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Advice please on parking on school grounds(4 Posts)
I posted earlier on a different subject and now would like to get some more advice
At the school my sons attend, they were granted a parking permit so I could park on the school grounds during pick up/drop off and any time that I needed to go into the school for medical reasons. However, on-site parking started to get abused by other parents, where people were entering without permits and made the environment very dangerous for all children on the site. Therefore the decision was made to lock the gates. Permit holders have to arrive before 8.30am and gates are re-opened at 9.10am and again at the end of the day 2.50pm to 3.30pm. My older son has a blue badge, and due to medication it is not always possible to get him to school that early. The school refuses to budge on this point, but my son is unable to walk any distance so parking outside the school is not really an option. I am therefore having to give medication in the carpark whilst waiting for school to open.
However, the biggest problem has come with my youngest son who is 4 years old and attends the nursery. He is severely autistic and struggles to walk any distance at all. He is also a blue badge holder. He starts nursery at 12.10 but the school have also decided to shut the gates at 11.45 to 12.30. Now this is really a problem for me. He literally is scared of walking outside. He is extremely sensitive to sound, scared of other people walking along, terrified of the rain and wind etc..
The problem I have though is that if I get to the school before the gates close at 11.45 he gets really distraught with just waiting in the car, and the school will not let him come in earlier even if I stay with him. If I brought him later after the gates opened he will miss lunch.
I understand why the school have taken this action, but at the same time it really is having a detrimental effect on my children. Also I am having to literally carry my son in at lunchtime from parking in a road a fair distance from the school.
I can't understand why they are not prepared to open the gates for me, I am the only permit holder on the premises at lunchtime. The school have stated they need to keep strictly to their policy and are not in any way helping me with the problem I have.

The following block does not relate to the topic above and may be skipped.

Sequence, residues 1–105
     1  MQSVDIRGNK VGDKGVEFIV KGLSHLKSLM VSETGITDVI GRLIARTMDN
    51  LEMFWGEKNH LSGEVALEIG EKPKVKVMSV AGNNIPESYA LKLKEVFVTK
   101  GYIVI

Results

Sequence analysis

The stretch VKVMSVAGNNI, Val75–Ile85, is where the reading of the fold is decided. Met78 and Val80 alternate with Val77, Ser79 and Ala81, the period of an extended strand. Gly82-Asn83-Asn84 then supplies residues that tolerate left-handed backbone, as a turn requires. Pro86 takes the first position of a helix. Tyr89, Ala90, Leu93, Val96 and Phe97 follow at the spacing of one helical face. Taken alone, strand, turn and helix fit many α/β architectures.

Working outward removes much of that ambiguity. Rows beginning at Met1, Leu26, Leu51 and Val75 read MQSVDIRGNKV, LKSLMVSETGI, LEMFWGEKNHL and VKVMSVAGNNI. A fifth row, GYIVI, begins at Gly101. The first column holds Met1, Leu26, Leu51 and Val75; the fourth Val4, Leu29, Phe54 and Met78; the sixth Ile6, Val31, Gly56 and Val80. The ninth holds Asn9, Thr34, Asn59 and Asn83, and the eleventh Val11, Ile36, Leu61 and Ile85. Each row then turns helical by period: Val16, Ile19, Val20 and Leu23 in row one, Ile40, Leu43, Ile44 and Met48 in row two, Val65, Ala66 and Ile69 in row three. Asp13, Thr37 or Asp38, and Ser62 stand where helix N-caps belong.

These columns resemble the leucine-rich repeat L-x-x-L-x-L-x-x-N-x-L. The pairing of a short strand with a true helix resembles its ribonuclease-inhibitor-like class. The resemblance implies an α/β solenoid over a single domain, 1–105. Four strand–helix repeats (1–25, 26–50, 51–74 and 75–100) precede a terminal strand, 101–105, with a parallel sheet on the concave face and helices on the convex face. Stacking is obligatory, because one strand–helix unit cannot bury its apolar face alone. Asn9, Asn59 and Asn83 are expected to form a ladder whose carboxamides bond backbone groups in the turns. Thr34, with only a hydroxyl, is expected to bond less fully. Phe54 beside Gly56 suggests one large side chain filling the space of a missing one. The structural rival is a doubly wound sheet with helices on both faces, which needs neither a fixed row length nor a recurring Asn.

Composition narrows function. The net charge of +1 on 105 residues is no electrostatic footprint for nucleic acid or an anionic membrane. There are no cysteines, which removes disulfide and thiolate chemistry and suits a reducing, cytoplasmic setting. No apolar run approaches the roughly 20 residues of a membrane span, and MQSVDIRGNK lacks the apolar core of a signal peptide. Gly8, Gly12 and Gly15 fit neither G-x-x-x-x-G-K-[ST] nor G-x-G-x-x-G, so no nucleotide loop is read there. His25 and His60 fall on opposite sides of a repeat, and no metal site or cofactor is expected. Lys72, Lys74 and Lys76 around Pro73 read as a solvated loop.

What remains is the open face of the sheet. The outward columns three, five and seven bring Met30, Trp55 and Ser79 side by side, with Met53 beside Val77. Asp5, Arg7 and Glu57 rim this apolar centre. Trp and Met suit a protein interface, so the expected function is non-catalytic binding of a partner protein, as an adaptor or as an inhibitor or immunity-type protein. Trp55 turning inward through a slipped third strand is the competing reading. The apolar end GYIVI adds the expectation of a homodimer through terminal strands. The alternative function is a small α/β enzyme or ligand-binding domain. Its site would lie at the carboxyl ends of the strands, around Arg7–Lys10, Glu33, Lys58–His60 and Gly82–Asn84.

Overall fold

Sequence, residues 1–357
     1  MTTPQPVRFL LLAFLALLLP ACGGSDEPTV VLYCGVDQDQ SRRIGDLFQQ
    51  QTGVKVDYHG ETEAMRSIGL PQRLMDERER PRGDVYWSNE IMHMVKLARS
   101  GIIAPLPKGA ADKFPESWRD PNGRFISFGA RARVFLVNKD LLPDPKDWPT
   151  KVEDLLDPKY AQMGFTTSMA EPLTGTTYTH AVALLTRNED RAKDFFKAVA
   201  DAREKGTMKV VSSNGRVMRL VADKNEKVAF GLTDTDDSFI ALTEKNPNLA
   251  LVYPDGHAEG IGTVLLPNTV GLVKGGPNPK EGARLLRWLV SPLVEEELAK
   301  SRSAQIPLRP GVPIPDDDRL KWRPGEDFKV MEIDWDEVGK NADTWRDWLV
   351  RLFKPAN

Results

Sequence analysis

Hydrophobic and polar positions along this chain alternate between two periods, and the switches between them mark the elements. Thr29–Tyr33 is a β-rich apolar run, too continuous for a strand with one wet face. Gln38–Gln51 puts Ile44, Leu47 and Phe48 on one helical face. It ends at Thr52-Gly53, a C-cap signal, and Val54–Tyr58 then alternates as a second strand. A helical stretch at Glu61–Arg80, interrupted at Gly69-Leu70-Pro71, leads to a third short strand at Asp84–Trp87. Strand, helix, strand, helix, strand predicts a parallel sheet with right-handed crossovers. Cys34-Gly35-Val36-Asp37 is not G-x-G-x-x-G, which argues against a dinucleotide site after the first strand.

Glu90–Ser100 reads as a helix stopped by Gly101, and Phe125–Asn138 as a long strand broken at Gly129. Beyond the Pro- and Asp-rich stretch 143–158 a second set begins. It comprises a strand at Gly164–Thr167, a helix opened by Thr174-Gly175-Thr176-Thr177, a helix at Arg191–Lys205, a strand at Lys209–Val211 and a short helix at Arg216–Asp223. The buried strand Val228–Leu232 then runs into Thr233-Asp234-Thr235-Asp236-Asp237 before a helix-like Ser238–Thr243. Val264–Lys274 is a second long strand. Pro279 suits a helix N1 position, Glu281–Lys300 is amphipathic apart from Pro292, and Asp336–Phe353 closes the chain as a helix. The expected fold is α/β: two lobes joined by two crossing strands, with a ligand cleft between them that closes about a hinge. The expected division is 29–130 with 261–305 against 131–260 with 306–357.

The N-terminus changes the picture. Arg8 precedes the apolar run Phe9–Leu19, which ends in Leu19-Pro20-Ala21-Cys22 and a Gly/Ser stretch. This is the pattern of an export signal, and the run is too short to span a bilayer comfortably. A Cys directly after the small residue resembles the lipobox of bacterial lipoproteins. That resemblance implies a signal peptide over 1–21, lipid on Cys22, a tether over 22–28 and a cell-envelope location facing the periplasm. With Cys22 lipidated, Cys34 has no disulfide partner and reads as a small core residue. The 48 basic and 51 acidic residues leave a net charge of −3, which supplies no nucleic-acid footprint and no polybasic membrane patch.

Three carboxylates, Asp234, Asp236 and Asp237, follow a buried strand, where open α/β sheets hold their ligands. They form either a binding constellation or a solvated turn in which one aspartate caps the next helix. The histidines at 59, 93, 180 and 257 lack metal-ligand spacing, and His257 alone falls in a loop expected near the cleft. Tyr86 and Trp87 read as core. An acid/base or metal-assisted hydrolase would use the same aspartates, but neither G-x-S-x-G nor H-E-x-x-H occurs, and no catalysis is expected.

Would love to know your thoughts on this please x
Our school has the gates locked most of the day, but if you call the office they will come out and open it - which is what they do for deliveries anyway. Assuming the office isn't too far from the car-park, they should be willing to do that for you, given that you are the only permit holder, so its not as if they have to do it for lots of people. They can't deny your dc's physical access to their education and them expecting you to physically carry them in is not a suitable option now and obviously not sustainable in the long term.
I would have thought they are contravening the Disability Act in terms of not enabling access - but couldn't swear to it.
I would say the following quote from the DirectGov website could be useful:
Education providers must also make reasonable adjustments to ensure that disabled students arent discriminated against. Making reasonable adjustments could include:
changes to practices or procedures
changes to physical features
changes to how learners are assessed
providing extra support and aids (such as specialist teachers or equipment)
The obligation for schools to provide extra support such as specialist teachers or equipment will be introduced at a later date.
Schools are not expected to change their premises. They are expected to make long-term plans for improving access to their buildings through their planning duties.
This is the linke to the main links page for disability and equality acts and rights.
IS there anyway you can ask school for key? code?
Sarahlucy - I'm just wondering why there is no school transport provided for the two children if they are struggling to walk?
If you are in England the law is that the local authority have a duty to provide transport for eligible children at qualifying schools (including nurseries)
Here is a bit I have lifted from the Ipsea site about eligible children:
Children with SEN, disabilities or mobility problems
The new legislation requires the local authority to arrange free school transport for some groups of children who attend schools within statutory walking distance. The first is those with special educational needs, disability or mobility problems which mean that they cannot reasonably be expected to walk to their school, and no suitable arrangements have been made by the local authority to enable them to attend a nearer school.
It may be that you want to take the children yourself, but if you speak to the school armed with info about the DDA and the stuff about school transport you may find the school changes its mind! (Escorted school transport would certainly need to go into the school carpark)
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